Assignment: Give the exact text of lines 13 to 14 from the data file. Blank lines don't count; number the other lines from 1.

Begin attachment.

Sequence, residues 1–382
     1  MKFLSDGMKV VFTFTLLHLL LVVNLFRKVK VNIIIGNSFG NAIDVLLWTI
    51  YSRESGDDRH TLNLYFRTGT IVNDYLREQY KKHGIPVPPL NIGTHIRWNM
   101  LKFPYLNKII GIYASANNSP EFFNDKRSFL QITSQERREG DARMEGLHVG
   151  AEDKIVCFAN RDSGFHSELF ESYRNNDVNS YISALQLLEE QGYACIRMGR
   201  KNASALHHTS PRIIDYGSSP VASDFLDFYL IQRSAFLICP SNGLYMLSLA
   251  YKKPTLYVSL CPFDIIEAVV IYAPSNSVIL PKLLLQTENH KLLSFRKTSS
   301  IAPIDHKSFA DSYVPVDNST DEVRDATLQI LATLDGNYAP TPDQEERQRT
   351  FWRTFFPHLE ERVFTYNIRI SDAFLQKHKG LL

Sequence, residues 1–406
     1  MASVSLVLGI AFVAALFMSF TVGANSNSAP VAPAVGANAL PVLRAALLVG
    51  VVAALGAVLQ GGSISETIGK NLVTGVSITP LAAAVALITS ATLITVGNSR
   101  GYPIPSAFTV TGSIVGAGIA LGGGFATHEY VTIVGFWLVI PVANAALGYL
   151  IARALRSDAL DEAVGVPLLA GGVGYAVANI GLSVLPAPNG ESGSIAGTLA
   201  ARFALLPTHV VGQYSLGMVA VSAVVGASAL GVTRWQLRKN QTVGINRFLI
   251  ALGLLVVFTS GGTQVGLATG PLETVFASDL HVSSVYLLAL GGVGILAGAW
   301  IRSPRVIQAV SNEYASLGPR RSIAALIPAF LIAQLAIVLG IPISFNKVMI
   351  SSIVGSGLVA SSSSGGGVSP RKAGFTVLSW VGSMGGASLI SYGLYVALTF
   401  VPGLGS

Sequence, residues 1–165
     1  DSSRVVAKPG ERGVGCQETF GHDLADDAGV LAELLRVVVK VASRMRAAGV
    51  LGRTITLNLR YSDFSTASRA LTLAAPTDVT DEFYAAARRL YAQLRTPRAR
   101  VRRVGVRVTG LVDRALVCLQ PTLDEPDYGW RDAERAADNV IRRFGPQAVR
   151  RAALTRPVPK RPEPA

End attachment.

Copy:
   101  GYPIPSAFTV TGSIVGAGIA LGGGFATHEY VTIVGFWLVI PVANAALGYL
   151  IARALRSDAL DEAVGVPLLA GGVGYAVANI GLSVLPAPNG ESGSIAGTLA